Born Giuseppe Giacomo Bonino on May 18, 1927, Joseph “Joe” G. Bonino was the only child of Antonio Bonino and Maria Bonino Ramazotto from the tiny commune of Balangero –Torino (Turin), Italy. He passed on Nov. 19, 2013.
His mother was born in Lehigh, Okla., to Italian parents who travelled to America to work in the mines. The family returned to Italy, but because of his naturalized status, Bonino sailed to the U.S. in June 1948, just after his 21st birthday. It was on that journey that he learned his first words of English: apple pie and ice cream.
During his first month in the San Francisco area, Bonino realized that there was no market for a new immigrant who only knew how to design auto parts, as he had done for the Fiat Corporation in Torino.
Bonino married Louise Toso in December 1949, with whom he had a son, Anthony John, born in 1953. He later married Loa Kay Houggard and helped to raise her two children, Ron and Theresa. He was married for the final time to Pamela Francis (nee Milner) in August 1977 for 36 years.
For a time, Bonino moved pianos and refrigerators up and down the treacherous stairwells of San Francisco flats. But he had higher aspirations. Gradually, he built his transportation business and set his sights on the fledgling Silicon Valley. Three Way Van Lines (Three Way) incorporated in October 1954, formed by Bonino and his partner, Joe Migliozzi.
Three Way became a highly respected specialty moving company for such items as spacecraft, steppers for silicon chip production, clean room equipment, satellites and transport of fine art.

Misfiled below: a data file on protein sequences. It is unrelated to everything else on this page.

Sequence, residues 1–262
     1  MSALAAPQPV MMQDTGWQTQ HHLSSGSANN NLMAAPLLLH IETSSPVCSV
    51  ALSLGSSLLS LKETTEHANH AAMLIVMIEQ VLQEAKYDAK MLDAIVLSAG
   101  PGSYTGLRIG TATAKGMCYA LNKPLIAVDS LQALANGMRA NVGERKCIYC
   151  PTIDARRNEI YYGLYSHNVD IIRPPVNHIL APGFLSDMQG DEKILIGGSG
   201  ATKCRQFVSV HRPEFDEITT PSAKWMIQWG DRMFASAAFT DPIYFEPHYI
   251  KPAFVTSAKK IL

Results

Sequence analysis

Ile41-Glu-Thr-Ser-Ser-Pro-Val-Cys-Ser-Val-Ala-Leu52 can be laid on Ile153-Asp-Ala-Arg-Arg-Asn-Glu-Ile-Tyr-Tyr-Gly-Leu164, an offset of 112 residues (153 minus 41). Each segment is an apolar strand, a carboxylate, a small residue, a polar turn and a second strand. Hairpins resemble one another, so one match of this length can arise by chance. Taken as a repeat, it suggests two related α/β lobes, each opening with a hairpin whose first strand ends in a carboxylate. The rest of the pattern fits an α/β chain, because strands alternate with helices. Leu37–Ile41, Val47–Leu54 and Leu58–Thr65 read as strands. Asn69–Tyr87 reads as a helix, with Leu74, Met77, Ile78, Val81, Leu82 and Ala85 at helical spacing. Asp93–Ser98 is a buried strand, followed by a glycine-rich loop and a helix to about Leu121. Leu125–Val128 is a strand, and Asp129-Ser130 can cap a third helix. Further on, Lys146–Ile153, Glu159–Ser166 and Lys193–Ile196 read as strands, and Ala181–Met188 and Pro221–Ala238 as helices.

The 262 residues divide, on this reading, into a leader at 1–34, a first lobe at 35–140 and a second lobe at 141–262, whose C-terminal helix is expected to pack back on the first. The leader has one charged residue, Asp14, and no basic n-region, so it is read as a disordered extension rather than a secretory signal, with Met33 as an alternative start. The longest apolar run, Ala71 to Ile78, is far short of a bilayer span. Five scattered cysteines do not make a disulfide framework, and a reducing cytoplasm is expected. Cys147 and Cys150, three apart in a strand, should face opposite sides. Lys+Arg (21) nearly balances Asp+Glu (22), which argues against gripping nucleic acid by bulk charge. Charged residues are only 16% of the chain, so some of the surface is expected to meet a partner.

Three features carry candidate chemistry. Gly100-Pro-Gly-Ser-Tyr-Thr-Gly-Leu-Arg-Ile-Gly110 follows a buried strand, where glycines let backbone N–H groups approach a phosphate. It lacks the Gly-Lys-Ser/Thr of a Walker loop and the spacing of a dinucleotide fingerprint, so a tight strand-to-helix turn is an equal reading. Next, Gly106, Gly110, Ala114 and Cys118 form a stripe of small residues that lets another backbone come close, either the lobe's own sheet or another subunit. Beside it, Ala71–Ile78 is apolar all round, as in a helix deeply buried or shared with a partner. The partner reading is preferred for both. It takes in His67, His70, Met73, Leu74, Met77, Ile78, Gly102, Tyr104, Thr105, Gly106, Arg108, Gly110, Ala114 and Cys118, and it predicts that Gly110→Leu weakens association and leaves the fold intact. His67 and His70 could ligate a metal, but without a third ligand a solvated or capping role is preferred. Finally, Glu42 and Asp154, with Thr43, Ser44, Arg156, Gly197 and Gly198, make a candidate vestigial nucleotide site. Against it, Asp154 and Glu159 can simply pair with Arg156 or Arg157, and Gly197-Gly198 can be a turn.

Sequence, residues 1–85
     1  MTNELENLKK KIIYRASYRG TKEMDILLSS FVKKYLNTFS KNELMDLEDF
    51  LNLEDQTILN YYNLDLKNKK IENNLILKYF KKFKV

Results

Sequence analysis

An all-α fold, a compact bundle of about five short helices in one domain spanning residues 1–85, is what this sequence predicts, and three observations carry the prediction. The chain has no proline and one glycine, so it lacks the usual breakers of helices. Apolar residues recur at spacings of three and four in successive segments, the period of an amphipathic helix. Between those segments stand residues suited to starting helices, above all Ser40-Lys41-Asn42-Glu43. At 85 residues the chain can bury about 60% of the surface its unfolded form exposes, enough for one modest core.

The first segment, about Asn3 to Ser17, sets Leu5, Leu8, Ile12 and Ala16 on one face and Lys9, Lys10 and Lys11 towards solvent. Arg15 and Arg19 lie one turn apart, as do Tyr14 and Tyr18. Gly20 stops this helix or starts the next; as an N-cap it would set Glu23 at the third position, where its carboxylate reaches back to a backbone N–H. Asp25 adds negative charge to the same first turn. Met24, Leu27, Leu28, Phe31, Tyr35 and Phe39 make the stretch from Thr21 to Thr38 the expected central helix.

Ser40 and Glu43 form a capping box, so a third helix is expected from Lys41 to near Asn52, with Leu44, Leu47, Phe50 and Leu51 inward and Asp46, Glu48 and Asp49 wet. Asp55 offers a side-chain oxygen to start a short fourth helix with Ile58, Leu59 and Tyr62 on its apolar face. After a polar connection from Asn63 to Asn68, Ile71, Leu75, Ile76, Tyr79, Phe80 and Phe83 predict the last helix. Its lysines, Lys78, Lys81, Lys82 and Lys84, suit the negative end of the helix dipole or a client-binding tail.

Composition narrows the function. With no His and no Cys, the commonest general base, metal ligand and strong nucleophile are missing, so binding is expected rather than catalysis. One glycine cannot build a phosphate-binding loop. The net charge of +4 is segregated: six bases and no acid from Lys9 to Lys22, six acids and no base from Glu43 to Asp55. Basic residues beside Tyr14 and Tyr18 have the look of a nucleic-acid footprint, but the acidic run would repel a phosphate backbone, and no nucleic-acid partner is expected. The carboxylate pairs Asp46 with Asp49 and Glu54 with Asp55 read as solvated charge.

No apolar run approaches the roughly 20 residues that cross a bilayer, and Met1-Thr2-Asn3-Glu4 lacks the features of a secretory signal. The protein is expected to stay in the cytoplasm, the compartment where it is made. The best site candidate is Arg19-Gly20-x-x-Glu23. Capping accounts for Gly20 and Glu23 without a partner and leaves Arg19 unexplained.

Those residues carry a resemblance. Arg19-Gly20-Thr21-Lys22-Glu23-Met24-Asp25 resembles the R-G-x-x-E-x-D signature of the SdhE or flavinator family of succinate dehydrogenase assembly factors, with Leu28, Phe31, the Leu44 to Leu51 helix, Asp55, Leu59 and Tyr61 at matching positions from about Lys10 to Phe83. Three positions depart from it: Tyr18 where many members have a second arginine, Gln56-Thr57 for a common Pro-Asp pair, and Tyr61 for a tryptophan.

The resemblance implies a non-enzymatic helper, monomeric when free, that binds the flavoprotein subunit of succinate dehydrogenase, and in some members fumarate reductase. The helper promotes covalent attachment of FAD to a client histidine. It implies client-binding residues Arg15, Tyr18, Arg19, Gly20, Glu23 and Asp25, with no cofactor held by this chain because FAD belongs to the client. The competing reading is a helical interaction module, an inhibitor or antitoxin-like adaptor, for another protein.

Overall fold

Bonino became a naturalized U.S. citizen in 1957, but he never stopped being the consummate Italian. He was admired for his strong character, generosity, gracious manner and Old World charm. Bonino retained his distinctive Italian accent and used it to good tactical effect.
He loved soccer, playing for his hometown of Balangero, the Juventus Youth League of Torino and the San Francisco Athletic Club. When he first arrived in the U.S., he was dismayed that soccer balls were rare and resorted to kicking a tennis ball around to keep in practice, a true testament to his resourcefulness in everything he undertook.
Beloved by his many loyal Three Way employees, Bonino could be sweet or ferocious by turns, as the occasion demanded. He loved to play chess and had a gift for the strategic thinking the game requires.
As an intrepid competitor, Bonino undertook the challenge set forth by health guru Jack LaLanne after hearing of his failed attempt to waterski from the Farallon Islands to San Francisco. Bonino completed the 31-mile run in October 1959 with his landing at the Golden Gate Yacht Club.
A fittingly larger-than-life biographical sculpture of him by Robert Arneson resides in the Sculpture Garden of the Palm Springs Art Museum. Bonino was the gentle, yet powerful Taurus from Torino.
Bonino is survived by his wife, Pamela, and her family, Deb and Ed Drouin and daughters Erica Keberle and Geneva Drouin; son, Anthony; stepson, Ronald Houggard; “Godson,” Joe Witt; grandchildren, Michael, Christopher, Stephen, Nicole, Alexandra, Dominique and A.J; cousin Frances Bianco; and his cousins in Italy, Maria Teresa Camandone, Miranda Peretta, Gianni and Alessia Brero, Lorella Peretto, Dario Camandone, Mario Maddaleno, Miriam Bertolotti and Inez Bonino.
A Public Vigil and Funeral Services will be held at Green Street Mortuary, 649 Greet St., San Francisco in North Beach on Mon., Nov. 25 at 7 p.m., open casket viewing from 6-6:30 p.m.
In lieu of flowers, please consider a donation to one of your favorite charities in Bonino’s honor and memory.